Terry Orlick, grundare av Zone of Excellence är en världskänd inom undervisning och coaching av människor hur man gör till sin kapacitet och öka glädje av sina liv. Han har varit ledande inom inrikta utbildning för hög kvalitet inom flera discipliner i över 35 år. Terry har arbetat med tusentals Olympiska och professionella idrottare och tränare, företagsledare, astronauter, kirurger, topp klassiska musiker, dansare, operasångare och artister, mission proffs kontroll.
It has become more important to identify as closely as possible where I've screwed up, and then to work on that in practice to make sure it doesn't happen again. I'll sit back now after a race and I'll analyze it with a fine-tooth comb. I can pick a stroke here and there that may have affected the outcome of the race. When I do that, and I find out I missed the fifth stroke off the line, or the stroke was still short and it should be long, or my transition wasn't as good as it should be, I can go back and work on that phase of my race and get the kinks out. By analyzing my race, stroke for stroke, figuring out what I did wrong, I can put together a more perfect race. The idea is you try and recall exactly what happened in the race and gain from it. I'm always repeating the plan in practice, and working on certain points that I can identify as screw-ups in a previous race. (Larry Cain - Olympic Champion - Canoeing ).
We debrief extensively. We go through every single flight, every turn. What did you do here? What cues were you using, how did you do that, how did you make the airplane do that? And we try to learn from each experience . The reason we all do that in peace time is so that we know we're as competent as anybody can be so that if we have to go fight with those things, we're better than anybody else. (Elite Fighter Pilot)
You get into a sort of routine where you debrief yourself, learn from your mistakes and then when the next sim starts it is a different ball game. (Astronaut)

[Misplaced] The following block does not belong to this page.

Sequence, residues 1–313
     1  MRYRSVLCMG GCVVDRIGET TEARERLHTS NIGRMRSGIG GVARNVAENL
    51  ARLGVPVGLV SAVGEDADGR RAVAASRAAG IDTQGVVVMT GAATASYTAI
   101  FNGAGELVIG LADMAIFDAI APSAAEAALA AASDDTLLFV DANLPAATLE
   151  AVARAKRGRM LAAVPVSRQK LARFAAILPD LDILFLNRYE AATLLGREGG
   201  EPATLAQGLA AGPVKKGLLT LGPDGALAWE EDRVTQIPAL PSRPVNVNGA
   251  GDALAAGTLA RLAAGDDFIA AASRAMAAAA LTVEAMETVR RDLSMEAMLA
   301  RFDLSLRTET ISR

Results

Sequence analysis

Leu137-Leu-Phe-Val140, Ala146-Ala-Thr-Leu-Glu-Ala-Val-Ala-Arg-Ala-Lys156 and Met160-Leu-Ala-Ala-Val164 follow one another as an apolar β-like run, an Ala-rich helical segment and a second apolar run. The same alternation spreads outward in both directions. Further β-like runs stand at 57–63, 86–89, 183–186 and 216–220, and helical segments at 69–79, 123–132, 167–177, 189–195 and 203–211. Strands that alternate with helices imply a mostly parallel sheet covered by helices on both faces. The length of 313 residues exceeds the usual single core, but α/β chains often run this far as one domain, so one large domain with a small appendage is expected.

The seventh element of excellence is CONSTRUCTIVE EVALUATION of training and performance situations to:
reflect upon what you did well
reflect upon what you can refine or improve
draw out important lessons from each experience/performance
assess the role of your commitment, attitude, mental readiness, and focus in relation to your performance outcome
target areas for improvement
act upon the lessons learned.
Excellence requires that you develop an effective process for personal evaluation, and that you act upon the lessons drawn from these evaluations. Constructive evaluation includes looking for the good things and targeting areas for improvement in yourself, your performance, your environment and your experiences. You can draw inspiration, confidence and joy from reflecting on positive experiences and personal highlights.
Important lessons are gained by evaluating your overall performance, critical portions of your performance, and the role your mental state played in your performance (e.g., mental readiness, trust, distraction control and sustained focus). Constructive evaluation of mental and physical performance skills requires two things, 1) reflecting on what went well, and 2) targeting areas for continued improvement. Through experience, top performers have developed constructive evaluation procedures that are highly individualized and personally effective. This guides their continued pursuit of excellence.
To achieve your highest performance level continue to evaluate your preparation and focus. The lessons extracted can be written down, discussed, or mentally reviewed. The important point is that you develop an effective evaluation procedure to pull out lessons, and act upon those lessons on a consistent basis. Your rate of learning, as well as the performance level you ultimately attain, is directly affected by the extent to which you engage in thorough, ongoing, constructive personal evaluation.